COLUMBIA — Terrie Ann Black began substitute teaching at Fairview Elementary School five years ago, when she made the transition from stay-at-home mom to substitute teacher to bring in a supplementary income.
In December, Black’s husband, Terry, was laid off from Square D Co. He is now searching for a job while his wife teaches the maximum allowed 35 hours per week.
Terrie Ann Black, 49, said she is sure other applicants for substitute teaching are looking to supplement their income because of the recession. So far, she hasn’t had any problems finding subbing positions. “I sub enough at one building, at Fairview Elementary,” Black said. “I’m really blessed.”
Columbia Public Schools is the third largest employer in Columbia, employing 2,780 people, said Bobbie Pauley, director of classified personnel for the district. Of those employees, 1,543 are teachers, excluding substitutes. On any given school day, about 150 of the 250 approved substitutes can be found on the job in the district.
Pauley said the number of people applying to substitute teach is definitely up. Right now, she has about 200 applicants available for hiring — usually, it's half that many, and she believes the growth is directly related to the economic downturn.
"The obvious effect (of having more applicants) would be that we have more to choose from and interview for a position," Pauley said. Being able to place more highly qualified substitute teachers in schools positively affects students, parents and grandparents.
Pauley has noticed that applicants are taking the process seriously by turning in complete applications with accompanying paperwork.
“While we encourage each person to submit an application when they call, we are also telling them that we have slowed down on the hiring process,” Pauley said. “We cannot guarantee that they will be hired or interviewed.”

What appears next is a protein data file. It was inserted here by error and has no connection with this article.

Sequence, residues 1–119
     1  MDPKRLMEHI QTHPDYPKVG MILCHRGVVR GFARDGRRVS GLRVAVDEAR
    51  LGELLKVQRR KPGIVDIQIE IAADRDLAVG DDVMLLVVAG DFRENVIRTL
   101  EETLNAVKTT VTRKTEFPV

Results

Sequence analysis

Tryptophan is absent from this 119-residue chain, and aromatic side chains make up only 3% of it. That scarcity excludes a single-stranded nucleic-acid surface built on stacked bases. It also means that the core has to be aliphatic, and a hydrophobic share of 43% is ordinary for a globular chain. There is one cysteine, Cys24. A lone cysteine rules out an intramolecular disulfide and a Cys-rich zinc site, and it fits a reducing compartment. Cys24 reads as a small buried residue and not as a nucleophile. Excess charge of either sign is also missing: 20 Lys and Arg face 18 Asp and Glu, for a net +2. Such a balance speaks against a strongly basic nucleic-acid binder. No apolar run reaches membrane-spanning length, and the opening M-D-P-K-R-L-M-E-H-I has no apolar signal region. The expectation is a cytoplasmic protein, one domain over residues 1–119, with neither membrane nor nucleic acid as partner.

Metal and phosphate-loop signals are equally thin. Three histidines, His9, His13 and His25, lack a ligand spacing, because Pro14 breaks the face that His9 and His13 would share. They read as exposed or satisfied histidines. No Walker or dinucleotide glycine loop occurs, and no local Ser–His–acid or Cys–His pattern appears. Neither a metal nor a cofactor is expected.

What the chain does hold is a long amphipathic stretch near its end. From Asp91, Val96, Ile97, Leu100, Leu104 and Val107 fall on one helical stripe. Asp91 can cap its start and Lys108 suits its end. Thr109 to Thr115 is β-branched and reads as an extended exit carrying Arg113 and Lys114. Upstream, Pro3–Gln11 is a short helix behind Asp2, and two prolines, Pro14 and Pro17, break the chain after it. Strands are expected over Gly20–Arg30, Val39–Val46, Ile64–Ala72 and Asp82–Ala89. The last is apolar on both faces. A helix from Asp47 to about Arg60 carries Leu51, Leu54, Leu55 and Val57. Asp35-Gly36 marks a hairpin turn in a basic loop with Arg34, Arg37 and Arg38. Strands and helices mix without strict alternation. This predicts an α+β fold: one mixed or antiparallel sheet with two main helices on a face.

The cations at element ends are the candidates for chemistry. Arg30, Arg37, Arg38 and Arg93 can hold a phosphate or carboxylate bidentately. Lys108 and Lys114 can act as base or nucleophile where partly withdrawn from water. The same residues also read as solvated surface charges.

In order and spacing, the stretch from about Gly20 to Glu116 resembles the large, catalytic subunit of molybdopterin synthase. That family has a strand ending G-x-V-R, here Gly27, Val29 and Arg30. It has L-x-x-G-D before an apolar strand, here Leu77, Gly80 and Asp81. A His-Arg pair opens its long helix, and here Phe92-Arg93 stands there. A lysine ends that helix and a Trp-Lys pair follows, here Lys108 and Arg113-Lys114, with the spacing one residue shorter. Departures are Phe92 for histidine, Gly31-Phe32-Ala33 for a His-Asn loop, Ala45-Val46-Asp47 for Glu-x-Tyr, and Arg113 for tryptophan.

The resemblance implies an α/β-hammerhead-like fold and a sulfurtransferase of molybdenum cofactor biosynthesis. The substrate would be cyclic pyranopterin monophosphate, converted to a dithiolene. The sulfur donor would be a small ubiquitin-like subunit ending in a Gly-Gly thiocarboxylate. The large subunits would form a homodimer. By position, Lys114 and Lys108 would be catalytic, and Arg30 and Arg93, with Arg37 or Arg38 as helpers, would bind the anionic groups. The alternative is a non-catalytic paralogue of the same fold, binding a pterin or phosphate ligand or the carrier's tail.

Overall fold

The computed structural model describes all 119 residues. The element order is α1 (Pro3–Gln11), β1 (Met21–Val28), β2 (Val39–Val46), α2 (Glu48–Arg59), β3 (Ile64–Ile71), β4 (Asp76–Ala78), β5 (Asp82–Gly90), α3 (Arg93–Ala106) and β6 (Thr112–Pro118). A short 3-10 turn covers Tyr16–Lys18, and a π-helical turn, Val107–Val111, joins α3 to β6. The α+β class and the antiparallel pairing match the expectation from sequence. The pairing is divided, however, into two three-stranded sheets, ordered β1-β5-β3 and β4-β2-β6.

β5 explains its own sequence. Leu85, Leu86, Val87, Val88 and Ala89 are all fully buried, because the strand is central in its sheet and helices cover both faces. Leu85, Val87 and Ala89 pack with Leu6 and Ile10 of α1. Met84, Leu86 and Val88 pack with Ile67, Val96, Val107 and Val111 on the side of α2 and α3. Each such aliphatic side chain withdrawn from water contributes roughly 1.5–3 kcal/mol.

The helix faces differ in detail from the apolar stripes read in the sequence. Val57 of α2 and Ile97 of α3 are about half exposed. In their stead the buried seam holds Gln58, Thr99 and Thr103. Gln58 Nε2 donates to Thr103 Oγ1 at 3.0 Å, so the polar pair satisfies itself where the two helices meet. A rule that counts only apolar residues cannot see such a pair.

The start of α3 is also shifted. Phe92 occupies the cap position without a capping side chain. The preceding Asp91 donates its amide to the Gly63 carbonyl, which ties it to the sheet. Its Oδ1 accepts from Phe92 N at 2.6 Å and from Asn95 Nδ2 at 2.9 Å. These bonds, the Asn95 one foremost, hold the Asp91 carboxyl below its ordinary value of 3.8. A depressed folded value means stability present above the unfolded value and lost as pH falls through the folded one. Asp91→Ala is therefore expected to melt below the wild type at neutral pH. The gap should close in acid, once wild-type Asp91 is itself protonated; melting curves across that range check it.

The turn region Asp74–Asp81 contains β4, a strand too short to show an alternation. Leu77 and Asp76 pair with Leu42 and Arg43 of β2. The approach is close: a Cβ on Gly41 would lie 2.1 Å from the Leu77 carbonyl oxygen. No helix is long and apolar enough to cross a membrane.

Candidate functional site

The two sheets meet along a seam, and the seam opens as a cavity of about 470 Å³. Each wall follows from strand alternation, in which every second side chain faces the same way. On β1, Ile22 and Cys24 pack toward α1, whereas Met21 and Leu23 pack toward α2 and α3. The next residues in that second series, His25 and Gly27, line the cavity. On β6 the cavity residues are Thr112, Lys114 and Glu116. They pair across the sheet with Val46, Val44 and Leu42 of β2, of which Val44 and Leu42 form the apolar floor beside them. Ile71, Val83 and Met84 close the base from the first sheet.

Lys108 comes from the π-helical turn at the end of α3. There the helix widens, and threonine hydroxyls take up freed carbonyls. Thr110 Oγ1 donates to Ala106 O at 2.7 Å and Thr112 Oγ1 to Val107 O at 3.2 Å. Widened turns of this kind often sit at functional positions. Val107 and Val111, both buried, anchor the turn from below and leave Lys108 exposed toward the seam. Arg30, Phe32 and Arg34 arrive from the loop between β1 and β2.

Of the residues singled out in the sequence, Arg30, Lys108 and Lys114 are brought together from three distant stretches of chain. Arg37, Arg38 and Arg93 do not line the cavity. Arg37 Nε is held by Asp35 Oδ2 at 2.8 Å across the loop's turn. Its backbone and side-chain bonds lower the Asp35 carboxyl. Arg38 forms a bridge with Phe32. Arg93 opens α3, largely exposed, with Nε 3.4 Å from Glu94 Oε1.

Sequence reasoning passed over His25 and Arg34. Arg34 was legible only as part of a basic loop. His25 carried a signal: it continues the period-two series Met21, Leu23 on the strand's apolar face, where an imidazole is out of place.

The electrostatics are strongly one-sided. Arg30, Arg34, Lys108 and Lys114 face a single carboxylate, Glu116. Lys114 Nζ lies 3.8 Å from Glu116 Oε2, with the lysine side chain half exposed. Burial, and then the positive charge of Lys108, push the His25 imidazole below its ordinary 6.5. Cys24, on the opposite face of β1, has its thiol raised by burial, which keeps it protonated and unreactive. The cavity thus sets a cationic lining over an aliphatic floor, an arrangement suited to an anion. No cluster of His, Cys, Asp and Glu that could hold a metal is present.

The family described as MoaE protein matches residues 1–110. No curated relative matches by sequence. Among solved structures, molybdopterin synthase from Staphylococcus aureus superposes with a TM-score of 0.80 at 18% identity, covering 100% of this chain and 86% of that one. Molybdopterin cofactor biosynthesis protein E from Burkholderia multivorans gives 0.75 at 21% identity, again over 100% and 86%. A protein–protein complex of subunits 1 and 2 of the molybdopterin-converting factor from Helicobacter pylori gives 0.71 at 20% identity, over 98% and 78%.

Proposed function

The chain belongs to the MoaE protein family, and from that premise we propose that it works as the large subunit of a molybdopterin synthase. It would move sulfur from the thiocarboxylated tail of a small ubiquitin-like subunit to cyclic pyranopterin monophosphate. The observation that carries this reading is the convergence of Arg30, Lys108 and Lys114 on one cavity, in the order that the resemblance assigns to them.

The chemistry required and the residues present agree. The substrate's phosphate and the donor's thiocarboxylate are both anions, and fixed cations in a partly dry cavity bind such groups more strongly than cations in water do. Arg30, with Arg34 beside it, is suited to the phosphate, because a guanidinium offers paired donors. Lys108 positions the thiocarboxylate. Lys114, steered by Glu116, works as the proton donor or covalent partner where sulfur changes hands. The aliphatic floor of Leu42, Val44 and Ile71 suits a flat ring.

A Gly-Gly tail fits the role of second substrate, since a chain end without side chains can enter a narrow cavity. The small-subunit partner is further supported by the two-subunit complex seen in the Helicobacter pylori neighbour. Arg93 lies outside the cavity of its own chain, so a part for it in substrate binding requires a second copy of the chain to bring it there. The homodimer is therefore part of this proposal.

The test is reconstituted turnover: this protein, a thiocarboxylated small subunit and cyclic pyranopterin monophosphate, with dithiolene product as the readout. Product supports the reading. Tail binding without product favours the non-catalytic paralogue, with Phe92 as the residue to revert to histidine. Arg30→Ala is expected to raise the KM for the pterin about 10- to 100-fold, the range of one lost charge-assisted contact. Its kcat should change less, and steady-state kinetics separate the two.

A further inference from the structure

Pauley said the reason for this is that they do not want to hire more people than they have jobs for.
“In the 16 years that I have been with HR (human resources), I don’t remember ever telling anyone that before,” she said.
Not only is the number of applicants up, but there is a wider variety of applicants, Pauley said. Generally, applicants fall into one of two categories: the familiar core of people who are certified teachers and people currently pursuing teacher certification.
But many applicants now have multiple degrees and are professionals from other fields looking for a career change.
“Across the board, we’re getting every type of application you can think of,” Pauley said, specifically mentioning those coming from real estate, financial advisers and other areas that appear linked to the economy.
“We’re seeing a lot more professional people who typically would not apply for these positions,” Pauley said.
In Columbia, substitute teachers are paid $10 an hour, based on a seven-hour day. “In Columbia, that’s not bad,” she said.
Tom Bridewell has been substitute teaching for two years to pay for classes he takes as a part-time graduate student studying history at MU. Bridewell, who received his undergraduate degree in architecture, wanted to get back into education, and substitute teaching seemed like a good choice.
“It seemed like a good transitional job,” he said. “I have a firm commitment to education, so it’s not a stretch for me to be substitute teaching.”
He was surprised to hear that the number of applicants to sub are up, because he hadn’t noticed the increase on the job. “I am working more hours than fall semester to pay my bills,” he said. “I could work almost every day if I wanted to.”
Dee Campbell-Carter, 50, has served as a substitute teacher for about four years. Before that, she directed a day care for six years and was in social work for 25 years. Now, in addition to substitute teaching, she runs a business as a seamstress out of her home.
Campbell-Carter works almost every weekday as a substitute teacher, excluding Fridays. “Lately, sub jobs are half days as opposed to getting a full-day placement,” she said. “With the district in a financial crisis, staff takes off half days instead of full days."
Pauley said teachers are taking more half days rather than full days when they have scheduled a medical appointment. "We see that there are more half-day absences for personal and family illness," she said.
Campbell-Carter is noticing a greater variety of ages and backgrounds among other substitutes. “When I started, my cohorts were college students and retirees," Campbell-Carter said, "Now it’s more middle-aged people needing supplementary jobs.”